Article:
4. Really interesting list! I hated Huck Finn for the exact same reasons. I wish I’d got to study some of these instead of what I did study, though – I never want to see a copy of Of Mice and Men again in my life!

  5. I think it’s fine that they still teach these, but it would be nice if they mixed in newer books more. I’m sure it would make more sense and make things easier for kids to relate to. Plus, a lot of these are kind of boring — I know. I read a lot of them in school. LOL

    • I’m now fascinated by how books are chosen and what books are read in schools in different countries. This will become a rabbit hole for me!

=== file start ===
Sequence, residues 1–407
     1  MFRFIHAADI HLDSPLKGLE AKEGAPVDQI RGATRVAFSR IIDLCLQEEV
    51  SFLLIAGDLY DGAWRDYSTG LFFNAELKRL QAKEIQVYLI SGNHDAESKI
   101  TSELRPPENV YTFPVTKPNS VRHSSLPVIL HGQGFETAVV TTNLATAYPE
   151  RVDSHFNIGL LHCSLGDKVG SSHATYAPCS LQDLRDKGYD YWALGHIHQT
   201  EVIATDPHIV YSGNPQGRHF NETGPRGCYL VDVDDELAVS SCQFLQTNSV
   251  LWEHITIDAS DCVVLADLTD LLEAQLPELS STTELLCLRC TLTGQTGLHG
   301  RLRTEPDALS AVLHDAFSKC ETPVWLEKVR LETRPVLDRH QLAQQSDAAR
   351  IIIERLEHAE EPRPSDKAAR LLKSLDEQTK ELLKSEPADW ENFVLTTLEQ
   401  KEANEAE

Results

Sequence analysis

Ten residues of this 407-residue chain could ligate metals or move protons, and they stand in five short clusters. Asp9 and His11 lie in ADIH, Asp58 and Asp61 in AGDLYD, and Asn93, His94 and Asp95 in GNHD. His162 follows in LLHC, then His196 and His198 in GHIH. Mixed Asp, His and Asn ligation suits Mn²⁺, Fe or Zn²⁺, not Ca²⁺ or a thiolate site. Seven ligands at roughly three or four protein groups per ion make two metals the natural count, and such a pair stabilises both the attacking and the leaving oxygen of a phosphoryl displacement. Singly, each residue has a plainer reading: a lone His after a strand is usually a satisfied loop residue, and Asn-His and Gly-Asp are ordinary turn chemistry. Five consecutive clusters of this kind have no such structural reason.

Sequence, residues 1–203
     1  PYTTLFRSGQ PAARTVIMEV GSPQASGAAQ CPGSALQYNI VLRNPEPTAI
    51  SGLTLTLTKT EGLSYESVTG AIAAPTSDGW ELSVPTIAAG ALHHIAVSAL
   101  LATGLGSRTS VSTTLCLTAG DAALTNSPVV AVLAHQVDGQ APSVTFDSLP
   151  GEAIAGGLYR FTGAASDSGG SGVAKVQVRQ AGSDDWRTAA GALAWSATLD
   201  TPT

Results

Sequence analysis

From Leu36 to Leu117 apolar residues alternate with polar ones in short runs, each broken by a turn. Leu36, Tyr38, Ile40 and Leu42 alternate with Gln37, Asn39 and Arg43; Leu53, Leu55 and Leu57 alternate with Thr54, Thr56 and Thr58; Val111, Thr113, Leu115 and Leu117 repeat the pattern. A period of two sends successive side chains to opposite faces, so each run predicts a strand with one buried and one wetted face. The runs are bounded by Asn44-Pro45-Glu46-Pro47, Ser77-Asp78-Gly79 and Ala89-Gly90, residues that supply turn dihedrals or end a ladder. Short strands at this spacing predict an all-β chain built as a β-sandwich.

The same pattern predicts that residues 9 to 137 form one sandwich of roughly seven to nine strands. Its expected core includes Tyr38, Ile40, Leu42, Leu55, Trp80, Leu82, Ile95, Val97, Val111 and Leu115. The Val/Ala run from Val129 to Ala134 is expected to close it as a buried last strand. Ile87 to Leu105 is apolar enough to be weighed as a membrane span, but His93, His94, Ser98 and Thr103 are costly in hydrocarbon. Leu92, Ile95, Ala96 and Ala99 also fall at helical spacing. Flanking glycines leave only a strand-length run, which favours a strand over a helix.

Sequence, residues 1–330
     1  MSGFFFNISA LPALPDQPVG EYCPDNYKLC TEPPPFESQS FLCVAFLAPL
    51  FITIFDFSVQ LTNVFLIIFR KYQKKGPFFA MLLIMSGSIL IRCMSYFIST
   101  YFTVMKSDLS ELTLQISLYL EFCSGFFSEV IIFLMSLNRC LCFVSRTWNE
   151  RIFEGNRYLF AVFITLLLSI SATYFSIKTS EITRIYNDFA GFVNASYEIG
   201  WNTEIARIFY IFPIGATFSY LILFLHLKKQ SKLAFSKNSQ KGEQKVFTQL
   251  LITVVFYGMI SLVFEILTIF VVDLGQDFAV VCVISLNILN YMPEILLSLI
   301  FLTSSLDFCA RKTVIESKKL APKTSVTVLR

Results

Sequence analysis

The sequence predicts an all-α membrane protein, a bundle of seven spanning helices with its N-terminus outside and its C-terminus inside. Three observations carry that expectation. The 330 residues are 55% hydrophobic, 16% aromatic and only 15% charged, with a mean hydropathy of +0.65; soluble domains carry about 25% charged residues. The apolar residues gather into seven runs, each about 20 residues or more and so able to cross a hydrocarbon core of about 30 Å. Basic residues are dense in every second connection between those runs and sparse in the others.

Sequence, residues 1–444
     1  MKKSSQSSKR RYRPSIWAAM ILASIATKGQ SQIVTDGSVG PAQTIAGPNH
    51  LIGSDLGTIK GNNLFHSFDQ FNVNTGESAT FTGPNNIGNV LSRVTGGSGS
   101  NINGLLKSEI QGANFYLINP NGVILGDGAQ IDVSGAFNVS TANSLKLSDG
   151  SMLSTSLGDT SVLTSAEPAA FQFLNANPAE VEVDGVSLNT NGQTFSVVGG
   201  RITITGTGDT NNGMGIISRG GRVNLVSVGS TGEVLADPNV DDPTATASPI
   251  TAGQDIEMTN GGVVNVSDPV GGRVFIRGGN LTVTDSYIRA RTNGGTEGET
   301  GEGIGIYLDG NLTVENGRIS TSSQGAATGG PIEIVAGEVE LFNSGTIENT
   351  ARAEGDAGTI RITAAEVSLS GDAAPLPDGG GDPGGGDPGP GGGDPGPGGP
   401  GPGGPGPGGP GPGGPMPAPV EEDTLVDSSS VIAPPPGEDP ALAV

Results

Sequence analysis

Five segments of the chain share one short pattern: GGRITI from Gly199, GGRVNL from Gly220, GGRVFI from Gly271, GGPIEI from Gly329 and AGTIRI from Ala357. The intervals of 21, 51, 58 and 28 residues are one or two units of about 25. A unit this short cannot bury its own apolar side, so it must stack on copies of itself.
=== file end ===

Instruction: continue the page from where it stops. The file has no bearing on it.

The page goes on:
• My country is not so small but English is not our mother tongue, either. So, primarily we have to read books in German, German classics, so not that different from what you are talking about in your blog here.

        And in English, we often read some classics and some new books. One of our books I vividly remember was The Wave, still as meaningful now as it was then.

  6. Haha, so much anger in this post. I loved graduate school because they let me choose my own reading list and essay topics. I mostly chose modern books because Iā€™d already read the overdone classics.